By Ivan G. Goldman
Here’s a question for you. Will the Showtime pay-per-view bout between Canelo Alvarez and Erislandy Lara on July 12 be a better fight than the HBO showdown this weekend between Terence Crawford and Yuriokis Gamboa? If it is, that will be the exception that proves the rule, because most of the really sensational contests of the last couple of decades were given away to subscribers.
There’s no direct correlation between excitement and pay-per-view dollars. In fact, the pay-per-view economic model is to boxing what a dime bag is to a junky. It’s a quick fix that digs the sport into a deeper hole, driving away both existing and potential fans. PPV cards are just another example of short-term corporate thinking, a rampant disease these days.
Oddsmakers have favored the house fighters, Canelo and Crawford, in both contests.
Interesting that the main events this weekend and July 12 both feature Cubans. You could probably fit all the American fans of Cuban fighters in a Greyhound bus. Canelo is in tough against Lara, 19-1-2 (12 KOs), but don’t expect him to break any PPV records against this opponent. There is no meaningful title on the line.
Canelo’s pay-per-view status is directly related to something you could call the Mexican tax, except it’s not collected by the government in Mexico City. Promoters and premium channels know that in terms of loyalty and sheer numbers, Mexican and Mexican-American fans are tops. Consequently, these fans are willing to pay for fights that other fans wouldn’t even consider buying. The reasoning goes like this: These fans can be counted on. Therefore, let’s screw them.
Promoters love to point out that fight purchasers can get rebates and coupons from beer companies and such. They also tell us that Latinos just love to throw parties and chip in for PPV telecasts. Well here’s a news flash. Latino fans would much prefer to give a party without having to screw around with rebates or coupons or having to pay extra for the telecast. Just because they’re loyal and fervent that doesn’t make them stupid.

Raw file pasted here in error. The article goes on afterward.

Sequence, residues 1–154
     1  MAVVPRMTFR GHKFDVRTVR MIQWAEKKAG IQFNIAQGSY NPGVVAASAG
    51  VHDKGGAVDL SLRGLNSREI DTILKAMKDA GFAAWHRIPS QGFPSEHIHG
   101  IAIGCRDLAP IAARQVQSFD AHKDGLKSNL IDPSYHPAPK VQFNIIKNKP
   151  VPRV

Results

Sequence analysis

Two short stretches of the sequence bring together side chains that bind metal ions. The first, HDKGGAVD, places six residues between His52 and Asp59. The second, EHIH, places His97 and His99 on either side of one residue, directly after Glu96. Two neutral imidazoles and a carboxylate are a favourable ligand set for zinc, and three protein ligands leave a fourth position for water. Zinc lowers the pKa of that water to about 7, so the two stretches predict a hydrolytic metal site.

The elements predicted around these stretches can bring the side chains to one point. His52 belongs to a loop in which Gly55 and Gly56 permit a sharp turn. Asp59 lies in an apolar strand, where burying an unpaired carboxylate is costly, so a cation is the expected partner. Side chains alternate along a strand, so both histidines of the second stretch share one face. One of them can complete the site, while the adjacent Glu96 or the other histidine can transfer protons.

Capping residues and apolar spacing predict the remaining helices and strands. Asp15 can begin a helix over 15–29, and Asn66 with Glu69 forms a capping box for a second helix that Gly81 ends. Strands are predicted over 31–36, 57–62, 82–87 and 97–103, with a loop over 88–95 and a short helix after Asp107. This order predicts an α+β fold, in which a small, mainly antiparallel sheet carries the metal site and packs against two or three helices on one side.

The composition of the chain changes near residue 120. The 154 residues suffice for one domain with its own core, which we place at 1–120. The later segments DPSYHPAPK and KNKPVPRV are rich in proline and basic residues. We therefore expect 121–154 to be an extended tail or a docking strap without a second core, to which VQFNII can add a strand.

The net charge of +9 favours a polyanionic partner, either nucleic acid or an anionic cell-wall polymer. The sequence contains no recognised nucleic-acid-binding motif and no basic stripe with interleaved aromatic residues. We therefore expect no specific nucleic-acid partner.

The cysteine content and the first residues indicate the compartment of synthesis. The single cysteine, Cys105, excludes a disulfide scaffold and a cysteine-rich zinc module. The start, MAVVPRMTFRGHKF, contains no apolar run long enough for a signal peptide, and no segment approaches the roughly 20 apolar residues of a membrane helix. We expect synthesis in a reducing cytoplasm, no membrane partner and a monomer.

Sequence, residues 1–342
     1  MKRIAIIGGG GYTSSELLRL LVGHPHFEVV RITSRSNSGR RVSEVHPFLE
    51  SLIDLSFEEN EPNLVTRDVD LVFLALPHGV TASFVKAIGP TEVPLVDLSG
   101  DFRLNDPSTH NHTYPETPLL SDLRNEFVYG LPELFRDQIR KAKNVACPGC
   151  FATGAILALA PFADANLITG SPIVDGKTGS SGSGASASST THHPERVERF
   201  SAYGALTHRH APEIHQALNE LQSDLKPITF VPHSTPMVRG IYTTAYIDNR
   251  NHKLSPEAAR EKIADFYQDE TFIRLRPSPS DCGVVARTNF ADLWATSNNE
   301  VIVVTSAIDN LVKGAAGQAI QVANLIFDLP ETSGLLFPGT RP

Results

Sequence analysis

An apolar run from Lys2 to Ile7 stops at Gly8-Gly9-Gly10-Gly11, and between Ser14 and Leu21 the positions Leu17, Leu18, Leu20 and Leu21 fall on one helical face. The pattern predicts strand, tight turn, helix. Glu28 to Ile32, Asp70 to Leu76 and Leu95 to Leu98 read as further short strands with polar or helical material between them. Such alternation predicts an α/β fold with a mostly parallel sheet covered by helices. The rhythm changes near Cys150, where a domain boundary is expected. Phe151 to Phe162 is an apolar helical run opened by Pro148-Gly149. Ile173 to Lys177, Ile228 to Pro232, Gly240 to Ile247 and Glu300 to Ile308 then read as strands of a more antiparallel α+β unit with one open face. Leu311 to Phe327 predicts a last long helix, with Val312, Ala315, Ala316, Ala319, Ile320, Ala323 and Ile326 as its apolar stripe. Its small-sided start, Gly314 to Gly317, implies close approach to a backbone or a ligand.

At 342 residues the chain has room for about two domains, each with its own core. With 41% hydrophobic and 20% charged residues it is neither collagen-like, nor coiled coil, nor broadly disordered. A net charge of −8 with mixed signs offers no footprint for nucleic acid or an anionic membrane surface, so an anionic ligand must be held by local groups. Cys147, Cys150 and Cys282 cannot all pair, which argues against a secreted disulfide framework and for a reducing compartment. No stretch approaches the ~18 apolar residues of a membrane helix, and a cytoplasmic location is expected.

Carrot-topped Canelo, 43-1-1 (31 KOs), is, at the tender age of 23, the hottest Mexican boxing star out there. In his last PPV outing, when he stopped powerful but slow Alfredo Angulo in round ten, Canelo pulled in approximately 350,000 buys, which Showtime and Golden Boy termed a big success. It falls short of a typical Floyd Mayweather total, yet earns a profit. In fact, thanks to the crazy terms Mayweather’s advisor Al Haymon pulled out of Showtime in its six-bout contract with Floyd, the network may even make more money from 350,000 Canelo buys than from 1 million buys for expensive Mayweather.
(As my colleague Sean Crose pointed out this week, it’s starting to look like Mayweather’s most recent outing, against Marcos Maidana, pulled in less than 1 million buys. Whatever the figure is, the promoter and the network don’t appear eager to release it)
That Mayweather-Showtime contract that the two parties brag is the biggest such fight contract ever signed may not be so much to celebrate after all. How much does it really accomplish for Showtime? If you want to increase the network’s subscription base, you put attractive shows on the actual Showtime channel. That’s also how you make fight fans out of viewers who subscribed mainly because they were attracted by vampire dramas and the like.
Canelo is a heck of a fighter, but now that he’s a PPV star his ability to increase his own personal fan base in the U.S. will be constricted. That’s true even though he’s personable, handsome, and making real progress with his English skills. Incidentally, when’s the last time you heard one of those defector Cuban fighters converse in English?
As for Crawford, the WBO lightweight champ, he lacks fame but not skill. At 23-0 (16 KOs), he’s in against a Cuban with an identical record who’s got power and a leaky defense. It could add up to fireworks. More fireworks than Canelo-Lara? We’ll just have to see.
Sick Justice: Inside the American Gulag, by New York Times best-selling author Ivan G. Goldman, was released in 2013 by Potomac Books, a University of Nebraska Press imprint. It can be purchased here.